8 Flagstone and Slate Walkway Ideas

  • 01 of 08

    Smooth, Tight Flagstone Pathway

    Polygonal Stone Walkway in Garden
    Mark Rosenwald/Flickr/CC BY-SA 2.0

    Stone pathways are what you build when you don't want concrete. These completely flat, depression-less paths have no seams other than expansion joints, so no weeds grow through. If anyone trips on a concrete path, it's their own fault (or an errant crack's fault). Concrete powerwashes off with ease.

    A Tight Flagstone Path

    This is flagstone from Iron Mountain Stone:

    • This stone lays well because it has nice, crisply-defined straight lines that match well with adjoining pieces, resulting in fewer large joints that would need to be filled with mortar.
    • The installer did a nice job of laying a smooth, slightly crowned pathway.
    • Stone is shown wet. Colors range from gray to light green to iron-oxide red.
    Continue to 2 of 8 below.
  • 02 of 08

    Elegant Mortared Stone Pathway, Steps, and Columns

    Mortared Stone Pathway and Steps
    Arnold Masonry/Flickr/All Rights Reserved

    This stonework, from Arnold Masonry and Landscape, Atlanta, GA, is about as close to "concrete functionality" as stone gets.

    Unnatural Nature

    Even though the ​natural stone is used, it is laid so that the edges are parallel and smooth; no jagged "natural" looks for this path. Since stones don't naturally develop straight sides, most of these have been fabricated along the edges to create those smooth lines.

    Mortared Joints

    The stone is heavily mortared and filled in between the stones to prevent gaps that may collect water or grow weeds.

    The columns and decks are not built of stone, though they appear that way. Rather, veneer stone has been applied to the facades.

    Continue to 3 of 8 below.
  • 03 of 08

    Easy Flagstone Path Bordered in Brick

    Natural Flagstone Path With Brick Border
    Field Outdoor Spaces/Flickr/CC BY 2.0

    One of these easiest, cheapest ways to install a flagstone walkway is like the one pictured here:

    1. Flagstone in the center: Want to have your flagstone don't want to go broke buying it? Install it sparsely, with 2" to 4" joints. We estimate that this uses 25% less stone than the close-fit method shown earlier.
    2. Brick border: Want some bricks? Chances are, you'll find someone you know who also has a much-hated brick walkway or patio. You're doing them a favor by taking the brick away.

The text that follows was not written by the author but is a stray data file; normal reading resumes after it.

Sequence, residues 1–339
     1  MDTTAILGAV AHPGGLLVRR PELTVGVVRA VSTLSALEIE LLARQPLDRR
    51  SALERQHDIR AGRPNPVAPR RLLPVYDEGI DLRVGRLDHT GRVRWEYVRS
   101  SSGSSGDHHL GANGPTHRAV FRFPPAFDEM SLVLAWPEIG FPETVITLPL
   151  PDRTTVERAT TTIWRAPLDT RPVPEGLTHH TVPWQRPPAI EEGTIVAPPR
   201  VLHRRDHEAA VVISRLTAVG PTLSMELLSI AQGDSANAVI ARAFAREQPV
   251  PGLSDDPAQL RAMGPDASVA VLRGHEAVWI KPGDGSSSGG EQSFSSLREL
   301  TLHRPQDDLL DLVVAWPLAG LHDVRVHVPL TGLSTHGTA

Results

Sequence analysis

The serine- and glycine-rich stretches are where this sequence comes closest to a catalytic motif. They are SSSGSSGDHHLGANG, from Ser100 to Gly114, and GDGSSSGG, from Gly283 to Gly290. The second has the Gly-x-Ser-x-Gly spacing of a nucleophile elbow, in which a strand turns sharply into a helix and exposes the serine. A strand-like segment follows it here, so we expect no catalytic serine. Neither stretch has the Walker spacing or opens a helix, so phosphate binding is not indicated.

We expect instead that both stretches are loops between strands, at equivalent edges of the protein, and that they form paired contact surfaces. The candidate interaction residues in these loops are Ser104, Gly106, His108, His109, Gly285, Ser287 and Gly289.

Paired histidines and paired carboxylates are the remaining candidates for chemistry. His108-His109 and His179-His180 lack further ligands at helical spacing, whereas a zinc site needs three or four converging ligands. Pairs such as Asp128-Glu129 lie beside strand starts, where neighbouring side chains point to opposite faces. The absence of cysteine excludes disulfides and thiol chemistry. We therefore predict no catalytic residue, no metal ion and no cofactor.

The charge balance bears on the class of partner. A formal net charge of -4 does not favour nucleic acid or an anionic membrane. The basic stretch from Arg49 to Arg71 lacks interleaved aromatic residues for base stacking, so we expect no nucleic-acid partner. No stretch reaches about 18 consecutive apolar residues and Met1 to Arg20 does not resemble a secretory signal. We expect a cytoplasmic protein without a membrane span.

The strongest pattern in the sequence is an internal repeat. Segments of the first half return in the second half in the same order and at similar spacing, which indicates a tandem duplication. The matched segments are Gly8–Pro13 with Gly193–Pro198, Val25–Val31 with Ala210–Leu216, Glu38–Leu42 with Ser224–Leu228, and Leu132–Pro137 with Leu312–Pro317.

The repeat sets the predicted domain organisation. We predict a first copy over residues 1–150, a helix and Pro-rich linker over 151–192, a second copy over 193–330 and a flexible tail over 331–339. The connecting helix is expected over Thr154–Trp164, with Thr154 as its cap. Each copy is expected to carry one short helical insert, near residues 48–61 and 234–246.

3. Bark fill: Toss bark around the flagstone and sweep off. It's about the cheapest fill you can find.
    Continue to 4 of 8 below.
  • 04 of 08

    Stone Garden Pathway Bordering Pond

    Flagstone Path Near Pond
    Mark Rosenwald/Flickr/CC BY-SA 2.0

    This is another view of the Iron Mountain flagstone path we saw elsewhere in this article, but here it's bordering an artificial pond. 

    Pond Banks Need Stone

    This photo is a great example of how flagstone can be used to great effect alongside water feature banks because its straight edges form a nice, clean pond edge. 

    The perimeter of these EPDM or PVC pond liners needs to be covered to prevent UV deteriorationAnd they need to be held down with solid, heavy materials to prevent the liner from lapping back into the water. Dirt and loose rocks won't cut it since they will end up in the pond.

    Continue to 5 of 8 below.
  • 05 of 08

    Multiple Views of Flagstone Path and Patio

    Three Views of Flagstone Walk and Patio
    Mark Rosenwald/Flickr/CC BY-SA 2.0

    This is dry-fit masonry so nicely and closely spaced that you don't have to worry much about gravel and gunk getting strewn on the stone.

    While stone could have been installed 100% throughout, we suspect that this was done for artistic effect—not because they ran out of stone.

    Best as we can tell, this walk was installed by Hearth & Soul Masonry of Bainbridge Island, WA, principal: Mark Rosenwald. 

    Continue to 6 of 8 below.
  • 06 of 08

    Narrow, Mortared Stone Pathway

    Mortared Stone Pathway
    Arnold Masonry & Landscape/Flickr/All Rights Reserved

    This stone pathway combines the natural look of stone with almost as much functionality as a concrete path.

    • Flagstones are fabricated so that the perimeter of the path is straight.
    • Path is laid perfectly level, with few surface imperfections in the stone.
    • Stones are laid down in a mortar base, so that it remains level, preventing it from flexing and cracking.
    • Mortar is applied to the joints.
    Continue to 7 of 8 below.
  • 07 of 08

    Artificial Stone Pathway With Water In-Between

    Artificial Stone Pathway Close Up
    Blake Barrett/Flickr/CC BY-SA 2.0

    We believe that this is artificial stone—perhaps stamped concrete?

    This is a beautiful arrangement, and we love the way water is allowed to seep between the stones. The joints are close and run fairly parallel all throughout.

    Continue to 8 of 8 below.
  • 08 of 08

    Natural Stone Walkway, No Border

    Very Natural Stone Pathway
    GollyGforce/Flickr/CC BY 2.0

    On the natural-fake spectrum of walkway building techniques, this is about as natural as it gets:

    • Best for gardens: Not the best option for a front path, but great for side and back yards where level-ness and absolute cleanliness don't matter.
    • Deceptively attractive: This path doesn't shout out, "Here I am!" Rather, it's content to lay back and do the job of providing a fairly mud-free path for walkers. It melts into the landscape and becomes part of it. 
    • No border, no mortar: How does it stay stuck together? Answer: weight. Being real stone, rather than a type of masonry (concrete pavers, for instance), these things are heavy. While there is some gravel around the stone, mainly the weight of the stones settles them deeply into the soil.